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Small RNA deep sequencing reveals role for Arabidopsis thaliana RNA-dependent RNA polymerases in viral siRNA biogenesis.

Qi X, Bao FS, Xie Z - PLoS ONE (2009)

Bottom Line: Significantly, both the rdr1 and rdr6 mutants exhibited globally reduced levels of viral small RNA production as well as reduced strand bias in viral small RNA population, revealing an important role for these host RDRs in viral siRNA biogenesis.Two of such predicted host targets, which encode a cleavage and polyadenylation specificity factor (CPSF30) and an unknown protein similar to translocon-associated protein alpha (TRAP alpha), respectively, yielded a positive result in cleavage validation by 5'RACE assays.Our data raised the interesting possibility for viral siRNA-mediated virus-host interactions that may contribute to viral pathogenicity and host specificity.

View Article: PubMed Central - PubMed

Affiliation: Department of Biological Sciences, Texas Tech University, Lubbock, Texas, United States of America.

ABSTRACT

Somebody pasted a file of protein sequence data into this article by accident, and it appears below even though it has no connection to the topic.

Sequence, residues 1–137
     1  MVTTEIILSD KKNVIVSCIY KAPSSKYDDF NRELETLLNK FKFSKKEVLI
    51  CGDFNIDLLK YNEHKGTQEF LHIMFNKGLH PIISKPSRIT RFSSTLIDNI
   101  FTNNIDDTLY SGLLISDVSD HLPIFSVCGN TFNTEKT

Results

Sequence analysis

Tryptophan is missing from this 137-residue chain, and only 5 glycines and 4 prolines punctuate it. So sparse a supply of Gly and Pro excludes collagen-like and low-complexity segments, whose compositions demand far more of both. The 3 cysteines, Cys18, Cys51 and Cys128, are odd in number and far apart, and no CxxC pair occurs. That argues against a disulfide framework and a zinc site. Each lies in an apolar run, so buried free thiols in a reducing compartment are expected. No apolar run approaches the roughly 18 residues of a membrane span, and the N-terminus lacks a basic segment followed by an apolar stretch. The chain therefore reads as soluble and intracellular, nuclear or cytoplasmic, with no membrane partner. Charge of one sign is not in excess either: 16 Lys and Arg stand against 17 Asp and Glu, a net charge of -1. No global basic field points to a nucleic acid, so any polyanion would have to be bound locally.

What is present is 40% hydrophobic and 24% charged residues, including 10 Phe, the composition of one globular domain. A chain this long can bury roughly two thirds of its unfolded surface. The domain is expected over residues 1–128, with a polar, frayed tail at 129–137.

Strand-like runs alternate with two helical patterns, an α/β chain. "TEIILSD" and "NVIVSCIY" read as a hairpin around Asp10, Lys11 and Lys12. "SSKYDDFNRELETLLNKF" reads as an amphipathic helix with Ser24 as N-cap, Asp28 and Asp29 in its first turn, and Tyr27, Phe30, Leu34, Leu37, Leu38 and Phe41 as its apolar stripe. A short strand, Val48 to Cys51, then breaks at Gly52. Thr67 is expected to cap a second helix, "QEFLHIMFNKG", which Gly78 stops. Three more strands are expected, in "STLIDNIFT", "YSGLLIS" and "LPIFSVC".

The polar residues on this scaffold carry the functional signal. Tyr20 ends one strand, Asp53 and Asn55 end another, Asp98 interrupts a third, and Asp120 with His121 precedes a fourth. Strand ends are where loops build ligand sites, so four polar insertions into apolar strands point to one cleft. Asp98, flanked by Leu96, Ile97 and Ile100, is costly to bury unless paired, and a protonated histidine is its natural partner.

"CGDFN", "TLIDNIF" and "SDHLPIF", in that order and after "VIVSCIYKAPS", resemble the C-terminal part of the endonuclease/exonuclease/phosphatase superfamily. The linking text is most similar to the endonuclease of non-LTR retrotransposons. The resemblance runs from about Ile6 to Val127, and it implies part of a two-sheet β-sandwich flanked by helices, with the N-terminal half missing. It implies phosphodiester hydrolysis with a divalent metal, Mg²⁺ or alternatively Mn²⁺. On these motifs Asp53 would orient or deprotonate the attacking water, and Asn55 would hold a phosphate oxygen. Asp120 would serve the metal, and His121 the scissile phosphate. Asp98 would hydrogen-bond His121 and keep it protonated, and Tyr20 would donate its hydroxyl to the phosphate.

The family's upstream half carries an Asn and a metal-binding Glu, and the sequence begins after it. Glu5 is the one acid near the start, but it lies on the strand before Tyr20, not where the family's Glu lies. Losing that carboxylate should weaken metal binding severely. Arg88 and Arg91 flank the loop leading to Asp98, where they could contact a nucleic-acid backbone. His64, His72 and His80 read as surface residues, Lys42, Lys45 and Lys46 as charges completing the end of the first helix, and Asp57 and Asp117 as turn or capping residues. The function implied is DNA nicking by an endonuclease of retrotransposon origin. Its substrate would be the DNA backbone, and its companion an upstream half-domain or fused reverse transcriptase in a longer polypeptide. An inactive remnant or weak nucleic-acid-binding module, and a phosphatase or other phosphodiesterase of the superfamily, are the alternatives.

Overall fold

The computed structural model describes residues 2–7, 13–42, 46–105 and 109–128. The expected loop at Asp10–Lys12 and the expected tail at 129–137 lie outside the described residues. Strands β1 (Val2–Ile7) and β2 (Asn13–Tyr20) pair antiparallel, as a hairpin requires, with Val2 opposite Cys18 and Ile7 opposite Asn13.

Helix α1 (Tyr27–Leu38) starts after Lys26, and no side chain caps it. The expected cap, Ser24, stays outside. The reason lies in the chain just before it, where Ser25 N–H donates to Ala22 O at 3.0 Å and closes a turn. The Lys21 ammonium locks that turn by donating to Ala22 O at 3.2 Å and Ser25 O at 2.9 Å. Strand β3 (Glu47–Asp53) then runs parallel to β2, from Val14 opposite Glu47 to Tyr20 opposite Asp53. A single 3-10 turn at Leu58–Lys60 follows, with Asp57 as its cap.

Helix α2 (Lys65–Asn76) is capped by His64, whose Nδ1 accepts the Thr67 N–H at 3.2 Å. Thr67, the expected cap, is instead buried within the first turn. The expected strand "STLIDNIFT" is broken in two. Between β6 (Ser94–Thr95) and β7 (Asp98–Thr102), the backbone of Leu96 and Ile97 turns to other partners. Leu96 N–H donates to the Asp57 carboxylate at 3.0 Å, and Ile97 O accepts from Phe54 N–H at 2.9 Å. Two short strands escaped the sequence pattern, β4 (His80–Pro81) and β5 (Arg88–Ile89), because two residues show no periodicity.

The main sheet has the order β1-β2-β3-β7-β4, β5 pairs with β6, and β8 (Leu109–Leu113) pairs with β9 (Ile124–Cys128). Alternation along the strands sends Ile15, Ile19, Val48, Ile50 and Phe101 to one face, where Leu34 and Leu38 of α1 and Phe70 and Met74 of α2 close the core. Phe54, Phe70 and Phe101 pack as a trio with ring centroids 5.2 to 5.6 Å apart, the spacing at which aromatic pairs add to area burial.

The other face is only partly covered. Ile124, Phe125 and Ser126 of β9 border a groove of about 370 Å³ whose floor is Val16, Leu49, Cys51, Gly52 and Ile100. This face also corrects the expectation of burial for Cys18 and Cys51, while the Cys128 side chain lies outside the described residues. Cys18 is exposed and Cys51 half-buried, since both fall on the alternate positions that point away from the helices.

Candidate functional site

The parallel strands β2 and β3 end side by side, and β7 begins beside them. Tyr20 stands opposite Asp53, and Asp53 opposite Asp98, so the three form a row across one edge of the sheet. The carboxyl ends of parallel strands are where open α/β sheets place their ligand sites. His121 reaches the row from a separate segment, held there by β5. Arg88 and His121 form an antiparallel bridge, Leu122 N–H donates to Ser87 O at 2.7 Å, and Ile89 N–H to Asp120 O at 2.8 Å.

RNA silencing functions as an important antiviral defense mechanism in a broad range of eukaryotes. In plants, biogenesis of several classes of endogenous small interfering RNAs (siRNAs) requires RNA-dependent RNA Polymerase (RDR) activities. Members of the RDR family proteins, including RDR1and RDR6, have also been implicated in antiviral defense, although a direct role for RDRs in viral siRNA biogenesis has yet to be demonstrated. Using a crucifer-infecting strain of Tobacco Mosaic Virus (TMV-Cg) and Arabidopsis thaliana as a model system, we analyzed the viral small RNA profile in wild-type plants as well as rdr mutants by applying small RNA deep sequencing technology. Over 100,000 TMV-Cg-specific small RNA reads, mostly of 21- (78.4%) and 22-nucleotide (12.9%) in size and originating predominately (79.9%) from the genomic sense RNA strand, were captured at an early infection stage, yielding the first high-resolution small RNA map for a plant virus. The TMV-Cg genome harbored multiple, highly reproducible small RNA-generating hot spots that corresponded to regions with no apparent local hairpin-forming capacity. Significantly, both the rdr1 and rdr6 mutants exhibited globally reduced levels of viral small RNA production as well as reduced strand bias in viral small RNA population, revealing an important role for these host RDRs in viral siRNA biogenesis. In addition, an informatics analysis showed that a large set of host genes could be potentially targeted by TMV-Cg-derived siRNAs for posttranscriptional silencing. Two of such predicted host targets, which encode a cleavage and polyadenylation specificity factor (CPSF30) and an unknown protein similar to translocon-associated protein alpha (TRAP alpha), respectively, yielded a positive result in cleavage validation by 5'RACE assays. Our data raised the interesting possibility for viral siRNA-mediated virus-host interactions that may contribute to viral pathogenicity and host specificity.